The third exhibition commemorated the sesquicentennial of the transfer of the nation's capital to the District of Columbia. It was part of a series of exhibitions initiated by Evans that marked significant anniversaries of American states or territories.
Newspaper Coverage of the Opening Events
The (Washington) Sunday Star on April 23 carried a well-illustrated story, "Sesquicentennial Exhibitions," in its magazine section. Editorials congratulating the Library and attesting to the institution's value appeared in The Washington Post (April 24) and The New York Times (April 24). The sesquicentennial reception was described in articles on April 25 in The Christian Science Monitor, The Washington Post, The Baltimore Sun and The Evening Star.
Library of Congress Publications
President Truman's sesquicentennial greeting is the preface to the handsome, 38-page illustrated catalog of the exhibit commemorating the 150th anniversary of the Library's establishment. Truman expresses confidence "that the spirit of Thomas Jefferson joins me in congratulating the American people upon their Library's sesquicentennial." Mearns contributed a brief introduction to the publication, which features various Library of Congress seals on its cover. The catalog for the exhibition marking the sesquicentennial of the District of Columbia, still in press when the exhibit opened, is today a collector's item.
The November issue of the Quarterly Journal of Current Acquisitions was devoted to a series of essays on the Library's resources for the study of Americana from the period of discovery and settlement to the close of the year 1800.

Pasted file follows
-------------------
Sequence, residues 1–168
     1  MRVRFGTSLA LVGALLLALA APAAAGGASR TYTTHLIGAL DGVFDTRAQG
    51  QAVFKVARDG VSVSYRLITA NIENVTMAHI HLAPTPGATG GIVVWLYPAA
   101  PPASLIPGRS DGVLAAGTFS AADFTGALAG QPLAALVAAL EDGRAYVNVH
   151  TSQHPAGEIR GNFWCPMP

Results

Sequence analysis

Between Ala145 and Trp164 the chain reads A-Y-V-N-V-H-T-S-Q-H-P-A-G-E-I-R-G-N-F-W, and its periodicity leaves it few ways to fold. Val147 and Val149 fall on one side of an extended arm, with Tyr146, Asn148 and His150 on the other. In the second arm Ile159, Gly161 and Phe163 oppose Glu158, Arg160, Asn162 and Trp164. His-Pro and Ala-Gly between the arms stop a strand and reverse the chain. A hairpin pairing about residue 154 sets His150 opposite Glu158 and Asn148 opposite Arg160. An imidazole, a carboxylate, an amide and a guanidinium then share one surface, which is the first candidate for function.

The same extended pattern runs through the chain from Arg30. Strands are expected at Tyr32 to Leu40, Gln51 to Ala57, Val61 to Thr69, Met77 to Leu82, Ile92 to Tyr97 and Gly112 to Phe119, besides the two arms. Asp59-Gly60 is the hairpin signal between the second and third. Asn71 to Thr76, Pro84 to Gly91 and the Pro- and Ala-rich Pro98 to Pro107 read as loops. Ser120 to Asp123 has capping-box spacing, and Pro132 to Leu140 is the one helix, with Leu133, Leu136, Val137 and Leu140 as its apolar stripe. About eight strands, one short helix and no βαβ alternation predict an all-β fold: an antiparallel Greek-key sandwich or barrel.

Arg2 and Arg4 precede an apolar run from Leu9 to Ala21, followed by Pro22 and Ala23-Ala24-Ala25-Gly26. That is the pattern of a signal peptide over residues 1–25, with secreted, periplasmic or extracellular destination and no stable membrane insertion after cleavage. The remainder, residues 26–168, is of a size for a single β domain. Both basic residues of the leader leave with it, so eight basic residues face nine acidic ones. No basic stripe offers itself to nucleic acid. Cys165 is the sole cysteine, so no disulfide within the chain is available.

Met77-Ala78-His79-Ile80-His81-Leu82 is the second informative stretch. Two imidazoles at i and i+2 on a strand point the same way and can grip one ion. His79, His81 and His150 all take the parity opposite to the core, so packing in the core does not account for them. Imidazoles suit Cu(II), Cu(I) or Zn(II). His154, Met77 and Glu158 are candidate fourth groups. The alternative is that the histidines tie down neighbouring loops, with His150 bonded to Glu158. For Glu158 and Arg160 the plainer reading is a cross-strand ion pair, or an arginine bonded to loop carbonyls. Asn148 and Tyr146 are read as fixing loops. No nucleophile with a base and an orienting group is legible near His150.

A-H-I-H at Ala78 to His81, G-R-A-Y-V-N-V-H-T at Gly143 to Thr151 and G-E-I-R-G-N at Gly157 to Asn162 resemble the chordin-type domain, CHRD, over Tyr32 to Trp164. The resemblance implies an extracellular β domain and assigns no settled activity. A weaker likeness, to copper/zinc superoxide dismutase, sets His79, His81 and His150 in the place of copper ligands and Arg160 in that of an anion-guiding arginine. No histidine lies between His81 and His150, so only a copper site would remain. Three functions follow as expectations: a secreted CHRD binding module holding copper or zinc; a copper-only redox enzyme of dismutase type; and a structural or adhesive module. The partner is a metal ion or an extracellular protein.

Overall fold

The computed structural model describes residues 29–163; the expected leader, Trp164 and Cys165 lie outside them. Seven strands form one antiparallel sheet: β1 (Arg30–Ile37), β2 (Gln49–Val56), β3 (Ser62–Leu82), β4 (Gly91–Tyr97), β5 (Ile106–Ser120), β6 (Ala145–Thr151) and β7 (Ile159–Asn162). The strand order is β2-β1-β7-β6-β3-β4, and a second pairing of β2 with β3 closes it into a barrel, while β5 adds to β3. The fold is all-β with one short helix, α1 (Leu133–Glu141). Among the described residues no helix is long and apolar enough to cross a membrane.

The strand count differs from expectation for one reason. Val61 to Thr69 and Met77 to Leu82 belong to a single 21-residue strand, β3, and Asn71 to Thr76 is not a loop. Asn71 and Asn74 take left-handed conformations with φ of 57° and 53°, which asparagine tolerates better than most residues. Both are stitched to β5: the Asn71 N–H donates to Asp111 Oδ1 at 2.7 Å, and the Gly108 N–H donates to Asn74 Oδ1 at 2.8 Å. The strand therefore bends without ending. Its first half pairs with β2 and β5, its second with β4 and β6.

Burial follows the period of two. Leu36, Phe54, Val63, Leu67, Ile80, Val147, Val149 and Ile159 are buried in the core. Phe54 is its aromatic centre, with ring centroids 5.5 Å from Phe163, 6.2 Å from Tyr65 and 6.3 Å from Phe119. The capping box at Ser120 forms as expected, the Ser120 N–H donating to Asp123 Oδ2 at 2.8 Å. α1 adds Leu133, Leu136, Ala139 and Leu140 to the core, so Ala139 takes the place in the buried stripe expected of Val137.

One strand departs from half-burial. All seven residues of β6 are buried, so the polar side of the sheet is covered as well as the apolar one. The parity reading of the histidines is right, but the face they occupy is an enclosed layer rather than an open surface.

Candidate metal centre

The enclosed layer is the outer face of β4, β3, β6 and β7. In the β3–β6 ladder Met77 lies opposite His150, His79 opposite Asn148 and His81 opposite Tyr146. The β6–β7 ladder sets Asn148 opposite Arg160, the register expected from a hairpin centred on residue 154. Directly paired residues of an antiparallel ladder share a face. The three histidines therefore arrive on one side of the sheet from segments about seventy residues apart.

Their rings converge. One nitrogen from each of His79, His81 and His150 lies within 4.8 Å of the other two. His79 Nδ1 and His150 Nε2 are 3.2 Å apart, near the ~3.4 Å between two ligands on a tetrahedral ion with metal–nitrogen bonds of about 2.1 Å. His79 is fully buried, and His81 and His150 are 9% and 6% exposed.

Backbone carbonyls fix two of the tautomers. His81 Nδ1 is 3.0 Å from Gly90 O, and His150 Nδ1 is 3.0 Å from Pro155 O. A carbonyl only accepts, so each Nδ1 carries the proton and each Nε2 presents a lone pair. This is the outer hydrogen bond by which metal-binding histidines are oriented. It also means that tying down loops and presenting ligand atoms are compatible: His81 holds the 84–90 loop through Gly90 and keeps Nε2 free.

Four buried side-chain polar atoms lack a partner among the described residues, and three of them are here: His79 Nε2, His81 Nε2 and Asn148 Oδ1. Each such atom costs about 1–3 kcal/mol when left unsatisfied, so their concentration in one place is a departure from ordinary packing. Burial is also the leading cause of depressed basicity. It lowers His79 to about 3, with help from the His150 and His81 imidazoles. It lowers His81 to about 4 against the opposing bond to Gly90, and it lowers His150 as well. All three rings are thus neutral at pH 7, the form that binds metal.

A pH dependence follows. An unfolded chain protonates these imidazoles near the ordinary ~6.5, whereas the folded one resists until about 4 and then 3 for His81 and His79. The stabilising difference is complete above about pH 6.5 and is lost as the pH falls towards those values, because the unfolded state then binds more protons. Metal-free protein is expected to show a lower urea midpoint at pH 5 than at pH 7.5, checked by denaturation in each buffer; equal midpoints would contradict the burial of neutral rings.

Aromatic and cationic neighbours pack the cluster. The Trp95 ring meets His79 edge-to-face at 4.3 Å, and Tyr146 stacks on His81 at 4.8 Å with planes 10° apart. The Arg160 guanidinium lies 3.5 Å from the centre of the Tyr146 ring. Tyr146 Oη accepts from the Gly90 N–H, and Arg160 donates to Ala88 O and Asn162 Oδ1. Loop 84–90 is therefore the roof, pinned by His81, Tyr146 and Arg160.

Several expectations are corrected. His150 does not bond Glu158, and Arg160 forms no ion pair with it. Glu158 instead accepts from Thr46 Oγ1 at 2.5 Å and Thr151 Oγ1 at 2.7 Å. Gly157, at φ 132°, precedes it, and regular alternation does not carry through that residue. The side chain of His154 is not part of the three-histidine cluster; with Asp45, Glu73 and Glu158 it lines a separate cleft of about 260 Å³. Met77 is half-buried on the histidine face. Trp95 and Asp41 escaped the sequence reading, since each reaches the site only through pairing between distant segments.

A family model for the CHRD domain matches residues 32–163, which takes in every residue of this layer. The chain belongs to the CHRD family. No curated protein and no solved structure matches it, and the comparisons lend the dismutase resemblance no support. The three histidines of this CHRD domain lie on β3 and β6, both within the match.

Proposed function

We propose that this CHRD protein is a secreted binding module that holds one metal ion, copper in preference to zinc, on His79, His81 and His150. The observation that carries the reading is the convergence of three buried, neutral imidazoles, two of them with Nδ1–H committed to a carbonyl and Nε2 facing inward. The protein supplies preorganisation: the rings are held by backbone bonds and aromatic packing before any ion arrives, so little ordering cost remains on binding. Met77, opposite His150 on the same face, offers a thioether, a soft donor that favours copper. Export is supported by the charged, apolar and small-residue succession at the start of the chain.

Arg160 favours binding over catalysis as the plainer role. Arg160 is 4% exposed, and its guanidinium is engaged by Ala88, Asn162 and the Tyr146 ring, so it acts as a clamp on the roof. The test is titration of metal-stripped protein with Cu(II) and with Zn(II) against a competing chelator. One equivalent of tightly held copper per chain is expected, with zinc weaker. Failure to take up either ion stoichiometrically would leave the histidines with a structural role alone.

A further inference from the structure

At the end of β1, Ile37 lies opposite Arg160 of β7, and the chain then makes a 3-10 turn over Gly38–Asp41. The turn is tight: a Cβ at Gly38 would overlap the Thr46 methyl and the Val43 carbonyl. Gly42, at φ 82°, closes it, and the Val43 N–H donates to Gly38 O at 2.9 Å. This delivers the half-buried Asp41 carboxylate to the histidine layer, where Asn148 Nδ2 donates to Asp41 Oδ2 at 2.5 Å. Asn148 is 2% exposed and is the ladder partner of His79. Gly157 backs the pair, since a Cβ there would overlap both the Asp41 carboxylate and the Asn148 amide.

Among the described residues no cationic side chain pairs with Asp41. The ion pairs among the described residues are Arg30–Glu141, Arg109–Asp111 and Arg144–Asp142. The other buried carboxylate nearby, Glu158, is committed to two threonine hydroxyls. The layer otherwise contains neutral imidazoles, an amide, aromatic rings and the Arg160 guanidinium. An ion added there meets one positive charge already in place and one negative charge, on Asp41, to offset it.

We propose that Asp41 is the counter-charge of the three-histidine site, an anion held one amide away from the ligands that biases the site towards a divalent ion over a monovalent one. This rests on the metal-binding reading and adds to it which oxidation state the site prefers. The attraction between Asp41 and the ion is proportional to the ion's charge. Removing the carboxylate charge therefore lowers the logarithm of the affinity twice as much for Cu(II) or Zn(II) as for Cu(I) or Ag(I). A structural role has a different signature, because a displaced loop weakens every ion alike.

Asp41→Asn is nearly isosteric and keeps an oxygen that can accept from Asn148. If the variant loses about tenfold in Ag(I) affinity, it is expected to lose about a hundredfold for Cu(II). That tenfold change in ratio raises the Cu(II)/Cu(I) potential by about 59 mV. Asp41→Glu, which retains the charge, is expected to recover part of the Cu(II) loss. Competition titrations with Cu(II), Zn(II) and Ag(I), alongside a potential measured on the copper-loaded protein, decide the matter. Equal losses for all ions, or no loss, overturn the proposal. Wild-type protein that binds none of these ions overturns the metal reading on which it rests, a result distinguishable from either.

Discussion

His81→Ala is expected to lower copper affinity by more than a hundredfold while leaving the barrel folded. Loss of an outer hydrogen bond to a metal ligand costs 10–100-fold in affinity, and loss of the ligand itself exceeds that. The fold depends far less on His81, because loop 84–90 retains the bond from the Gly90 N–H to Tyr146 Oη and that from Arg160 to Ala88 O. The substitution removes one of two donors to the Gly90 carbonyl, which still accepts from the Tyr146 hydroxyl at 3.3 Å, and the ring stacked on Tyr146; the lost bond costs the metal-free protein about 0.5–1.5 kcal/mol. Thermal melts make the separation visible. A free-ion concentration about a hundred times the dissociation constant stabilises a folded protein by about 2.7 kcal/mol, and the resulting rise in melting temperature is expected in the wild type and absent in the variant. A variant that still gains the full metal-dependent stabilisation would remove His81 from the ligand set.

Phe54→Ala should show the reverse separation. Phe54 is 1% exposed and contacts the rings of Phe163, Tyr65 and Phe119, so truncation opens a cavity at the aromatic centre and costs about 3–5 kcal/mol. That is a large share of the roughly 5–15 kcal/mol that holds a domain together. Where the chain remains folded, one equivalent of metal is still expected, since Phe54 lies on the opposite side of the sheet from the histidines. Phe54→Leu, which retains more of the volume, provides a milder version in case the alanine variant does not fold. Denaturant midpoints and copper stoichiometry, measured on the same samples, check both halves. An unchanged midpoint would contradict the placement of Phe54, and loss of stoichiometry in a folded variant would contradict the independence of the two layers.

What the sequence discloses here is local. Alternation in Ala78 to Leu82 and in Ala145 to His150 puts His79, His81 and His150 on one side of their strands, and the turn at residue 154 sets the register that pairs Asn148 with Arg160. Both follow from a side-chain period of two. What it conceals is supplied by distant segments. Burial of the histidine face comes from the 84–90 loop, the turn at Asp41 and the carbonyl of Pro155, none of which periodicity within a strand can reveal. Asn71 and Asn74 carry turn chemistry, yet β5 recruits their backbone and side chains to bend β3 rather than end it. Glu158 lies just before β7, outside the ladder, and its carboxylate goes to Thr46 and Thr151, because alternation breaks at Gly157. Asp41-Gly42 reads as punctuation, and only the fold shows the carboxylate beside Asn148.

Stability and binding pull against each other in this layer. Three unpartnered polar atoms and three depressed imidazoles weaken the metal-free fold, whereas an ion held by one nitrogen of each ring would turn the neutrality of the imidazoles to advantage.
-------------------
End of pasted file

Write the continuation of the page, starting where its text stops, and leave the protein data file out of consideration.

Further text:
Gifts to the Nation
On April 24, members of the family of Gen. Henry Martyn Robert presented to the Library documents associated with the beginnings of the American parliamentary classic Robert's Rules of Order. A rare Chinese work, Tu Hsiu Ts'ung Chu, was presented by a former Chinese ambassador to the United States. Librarian and collector J. Christian Bay also presented the Library with a rare manuscript, dated 1594.
In April 1950, the Music Division, with support from the Whittall Foundation, presented two notable concerts in honor of the Library's sesquicentennial. Rudolf Serkin presented a piano recital on April 14. On April 27, Clifford Curzon and the Budapest String Quartet presented a program of piano quintets.
A People's Celebration
On April 26, Librarian Evans and several colleagues journeyed to Baltimore for ceremonies at the Enoch Pratt Free Library and a luncheon at the Emerson Hotel honoring the Library of Congress. Representative librarians, scholars and citizens from throughout Maryland attended the luncheon, which was sponsored by the Advertising Club of Baltimore. The luncheon speeches were broadcast live on radio and later rebroadcast on stations throughout the Baltimore-Washington area.